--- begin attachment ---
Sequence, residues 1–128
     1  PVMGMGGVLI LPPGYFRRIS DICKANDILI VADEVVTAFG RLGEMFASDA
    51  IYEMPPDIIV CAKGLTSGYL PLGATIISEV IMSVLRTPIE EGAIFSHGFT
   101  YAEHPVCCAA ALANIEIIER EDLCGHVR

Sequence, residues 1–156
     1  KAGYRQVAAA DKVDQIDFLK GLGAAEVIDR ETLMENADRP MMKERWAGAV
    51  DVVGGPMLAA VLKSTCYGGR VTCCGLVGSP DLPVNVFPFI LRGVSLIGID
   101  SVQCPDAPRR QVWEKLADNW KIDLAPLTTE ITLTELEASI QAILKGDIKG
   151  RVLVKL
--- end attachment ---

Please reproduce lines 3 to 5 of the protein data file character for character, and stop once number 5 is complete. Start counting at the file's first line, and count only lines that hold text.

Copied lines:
    51  IYEMPPDIIV CAKGLTSGYL PLGATIISEV IMSVLRTPIE EGAIFSHGFT
   101  YAEHPVCCAA ALANIEIIER EDLCGHVR

Sequence, residues 1–156